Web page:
Uganda and the Democratic Republic of Congo have responded to public concerns about the safety of the joint operations against terrorists with a pledge of transparency. They said, in fact, that they will elevate their cooperation to target all armed groups, not just the Allied Democratic Forces.
The Ugandan and Congolese ministers of defence, after a two-day field tour of Bunia, in Ituri eastern DRC say they will coordinate operations to ensure they are within the law.
The Ministers, Vincent Bamulangaki (Uganda) and Gilbert Kabanda Kurhenga (DRC) were accompanied by senior officers from both countries as well as parliamentarians from the Defence Committee of the National Assembly and MPs from North Kivu and Ituri.
They were asked how far the operations will go, how civilians will be protected and whether there will be guards against damaging residential areas.
The two ministers made it clear from the outset that their discussions were not only about operations against the ADF, but also about all the other armed groups, militias and terrorist organisations operating along the border between the two countries, particularly in North Kivu and Ituri.
Currently, the Democratic Republic of Congo has about 100 armed groups, including some community defence militias, but they are sometimes ruthless in committing bloody attacks against civilians.
“We came here because we met as brothers who have a common future. When the neighbour’s house is burning you have to rush to help,” said Mr Vincent Bamulangaki.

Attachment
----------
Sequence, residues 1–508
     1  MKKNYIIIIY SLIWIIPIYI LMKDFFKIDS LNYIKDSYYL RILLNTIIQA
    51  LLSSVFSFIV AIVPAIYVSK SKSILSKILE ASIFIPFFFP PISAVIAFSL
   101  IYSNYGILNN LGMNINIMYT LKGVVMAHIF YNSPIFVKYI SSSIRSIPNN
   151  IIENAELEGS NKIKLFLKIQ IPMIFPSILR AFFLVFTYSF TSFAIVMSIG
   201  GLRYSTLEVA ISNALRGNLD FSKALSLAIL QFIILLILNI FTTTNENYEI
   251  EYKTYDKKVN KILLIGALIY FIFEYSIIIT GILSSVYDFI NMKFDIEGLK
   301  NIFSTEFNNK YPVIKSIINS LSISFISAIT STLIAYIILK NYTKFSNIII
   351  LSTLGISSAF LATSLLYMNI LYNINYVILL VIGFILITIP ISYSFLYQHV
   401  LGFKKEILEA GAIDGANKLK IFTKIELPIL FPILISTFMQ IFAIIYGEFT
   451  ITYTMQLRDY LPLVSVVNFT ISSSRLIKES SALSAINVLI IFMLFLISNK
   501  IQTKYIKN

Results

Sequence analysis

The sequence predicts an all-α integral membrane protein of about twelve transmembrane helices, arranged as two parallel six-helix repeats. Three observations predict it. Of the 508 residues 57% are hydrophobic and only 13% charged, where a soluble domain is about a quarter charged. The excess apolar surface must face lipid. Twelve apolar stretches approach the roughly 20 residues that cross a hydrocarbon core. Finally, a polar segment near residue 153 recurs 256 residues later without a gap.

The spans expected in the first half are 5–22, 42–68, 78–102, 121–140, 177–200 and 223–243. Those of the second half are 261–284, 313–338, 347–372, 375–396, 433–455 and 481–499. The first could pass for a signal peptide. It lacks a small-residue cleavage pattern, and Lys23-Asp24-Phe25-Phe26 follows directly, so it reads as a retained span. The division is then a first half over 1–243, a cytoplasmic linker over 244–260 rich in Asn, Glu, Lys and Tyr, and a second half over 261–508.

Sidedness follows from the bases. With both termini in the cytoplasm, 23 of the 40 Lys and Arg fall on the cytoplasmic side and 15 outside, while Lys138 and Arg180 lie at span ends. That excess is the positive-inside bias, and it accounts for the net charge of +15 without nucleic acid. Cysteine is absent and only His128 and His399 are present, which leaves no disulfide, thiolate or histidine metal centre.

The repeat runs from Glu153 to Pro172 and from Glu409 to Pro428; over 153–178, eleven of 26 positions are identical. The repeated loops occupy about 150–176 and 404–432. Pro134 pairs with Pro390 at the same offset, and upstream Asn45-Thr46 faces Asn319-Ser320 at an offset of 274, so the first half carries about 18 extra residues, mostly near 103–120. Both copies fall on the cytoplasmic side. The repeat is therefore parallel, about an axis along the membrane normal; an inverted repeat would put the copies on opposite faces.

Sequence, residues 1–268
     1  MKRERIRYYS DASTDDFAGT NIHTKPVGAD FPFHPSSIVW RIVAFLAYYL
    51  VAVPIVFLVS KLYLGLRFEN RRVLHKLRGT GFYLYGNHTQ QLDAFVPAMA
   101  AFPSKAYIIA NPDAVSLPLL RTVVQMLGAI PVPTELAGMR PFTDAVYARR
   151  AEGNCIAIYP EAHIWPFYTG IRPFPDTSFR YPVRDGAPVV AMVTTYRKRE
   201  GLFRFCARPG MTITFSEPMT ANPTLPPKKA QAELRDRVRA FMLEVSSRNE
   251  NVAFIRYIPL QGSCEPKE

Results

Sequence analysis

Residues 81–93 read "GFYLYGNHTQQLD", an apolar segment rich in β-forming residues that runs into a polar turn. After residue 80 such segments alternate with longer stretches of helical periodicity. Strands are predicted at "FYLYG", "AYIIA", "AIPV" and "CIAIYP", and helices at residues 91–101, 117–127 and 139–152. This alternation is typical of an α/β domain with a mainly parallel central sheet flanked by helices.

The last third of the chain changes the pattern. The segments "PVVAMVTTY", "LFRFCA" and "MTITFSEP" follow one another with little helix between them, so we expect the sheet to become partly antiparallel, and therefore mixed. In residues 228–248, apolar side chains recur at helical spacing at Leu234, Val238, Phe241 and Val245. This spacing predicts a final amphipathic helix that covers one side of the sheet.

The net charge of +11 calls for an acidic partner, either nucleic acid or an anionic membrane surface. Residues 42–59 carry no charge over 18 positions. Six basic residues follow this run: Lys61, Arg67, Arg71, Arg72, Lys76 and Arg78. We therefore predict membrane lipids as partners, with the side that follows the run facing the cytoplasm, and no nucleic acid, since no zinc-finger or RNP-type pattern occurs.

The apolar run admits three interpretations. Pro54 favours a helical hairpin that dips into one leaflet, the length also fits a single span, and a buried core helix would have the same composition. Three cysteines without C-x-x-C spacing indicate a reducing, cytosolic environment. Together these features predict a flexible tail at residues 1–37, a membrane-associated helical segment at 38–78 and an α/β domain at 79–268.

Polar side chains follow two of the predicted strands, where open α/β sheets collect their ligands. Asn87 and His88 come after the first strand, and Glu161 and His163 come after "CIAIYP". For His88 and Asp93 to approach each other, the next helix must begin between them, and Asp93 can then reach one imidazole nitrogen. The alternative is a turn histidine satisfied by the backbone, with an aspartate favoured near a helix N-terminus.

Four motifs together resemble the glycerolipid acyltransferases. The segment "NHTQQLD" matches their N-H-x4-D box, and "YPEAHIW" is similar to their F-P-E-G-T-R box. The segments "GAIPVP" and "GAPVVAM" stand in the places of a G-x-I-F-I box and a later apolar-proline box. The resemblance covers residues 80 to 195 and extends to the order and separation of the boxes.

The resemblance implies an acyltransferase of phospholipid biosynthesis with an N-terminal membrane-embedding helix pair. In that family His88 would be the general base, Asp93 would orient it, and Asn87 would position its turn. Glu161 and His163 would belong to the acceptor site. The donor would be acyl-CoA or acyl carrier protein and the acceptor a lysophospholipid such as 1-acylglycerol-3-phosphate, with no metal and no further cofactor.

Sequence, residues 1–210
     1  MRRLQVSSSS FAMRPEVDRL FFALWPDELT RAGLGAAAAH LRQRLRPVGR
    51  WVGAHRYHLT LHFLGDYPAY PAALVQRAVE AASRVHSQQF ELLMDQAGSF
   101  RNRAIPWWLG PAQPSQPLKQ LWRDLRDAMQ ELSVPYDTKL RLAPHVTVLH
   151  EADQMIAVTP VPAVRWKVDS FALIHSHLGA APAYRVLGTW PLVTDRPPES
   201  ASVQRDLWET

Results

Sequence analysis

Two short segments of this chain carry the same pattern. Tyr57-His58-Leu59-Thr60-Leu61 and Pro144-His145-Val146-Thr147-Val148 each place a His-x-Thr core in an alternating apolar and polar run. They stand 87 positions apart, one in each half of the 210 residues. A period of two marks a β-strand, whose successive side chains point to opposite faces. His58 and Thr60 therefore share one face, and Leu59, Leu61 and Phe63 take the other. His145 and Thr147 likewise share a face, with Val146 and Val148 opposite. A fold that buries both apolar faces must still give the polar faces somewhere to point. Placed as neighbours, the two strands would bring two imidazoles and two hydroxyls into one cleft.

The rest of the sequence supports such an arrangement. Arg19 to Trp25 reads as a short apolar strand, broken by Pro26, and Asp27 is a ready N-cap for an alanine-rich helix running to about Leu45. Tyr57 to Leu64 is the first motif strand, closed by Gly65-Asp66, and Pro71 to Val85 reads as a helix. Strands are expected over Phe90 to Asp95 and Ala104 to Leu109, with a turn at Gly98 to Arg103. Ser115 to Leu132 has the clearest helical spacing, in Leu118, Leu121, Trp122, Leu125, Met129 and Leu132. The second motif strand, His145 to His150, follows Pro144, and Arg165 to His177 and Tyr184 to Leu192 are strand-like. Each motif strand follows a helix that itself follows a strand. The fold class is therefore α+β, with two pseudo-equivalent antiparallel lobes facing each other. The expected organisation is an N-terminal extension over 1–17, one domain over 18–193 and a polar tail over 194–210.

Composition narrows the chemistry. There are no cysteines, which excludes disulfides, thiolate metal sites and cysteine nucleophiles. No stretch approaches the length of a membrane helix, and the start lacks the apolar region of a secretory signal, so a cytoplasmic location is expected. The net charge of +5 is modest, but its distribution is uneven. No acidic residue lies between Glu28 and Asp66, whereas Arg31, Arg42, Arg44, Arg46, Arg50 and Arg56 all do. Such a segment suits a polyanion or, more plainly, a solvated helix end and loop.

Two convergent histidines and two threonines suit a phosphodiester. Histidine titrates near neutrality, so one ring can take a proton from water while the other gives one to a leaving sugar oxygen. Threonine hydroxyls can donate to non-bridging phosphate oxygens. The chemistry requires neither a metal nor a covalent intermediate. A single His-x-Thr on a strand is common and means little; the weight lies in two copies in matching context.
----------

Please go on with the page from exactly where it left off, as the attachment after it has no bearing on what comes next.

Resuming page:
Uganda and the DRC last week announced joint ground and aerial attacks on supposed cells harbouring Ugandan-born rebel group Allied Democratic Forces (ADF), blamed on a series of attacks in both countries.
On Friday, the two sides said their armies are committed to strengthening bilateral cooperation and formalising all aspects of military cooperation within the framework of general defence agreements, and vowed to respect both local and international laws.
Although the two armies have assured of legal operations, they have not yet made a human toll of the operations.
Earlier, and accompanied by the lawmakers of Ituri and North Kivu, Gilbert Kabanda had organised a series of consultations with the local authorities. At the end of these consultations, the president of the customary chiefs of Ituri, Innocent Matukadala, on behalf of his peers, gave his “unwavering support to the joint DRC-Uganda military operation”.
He stated that the support of Ituri traditional chiefs to the security and defence forces is expressed in the denunciation of negative forces and collaboration with the FARDC, the Congolese army.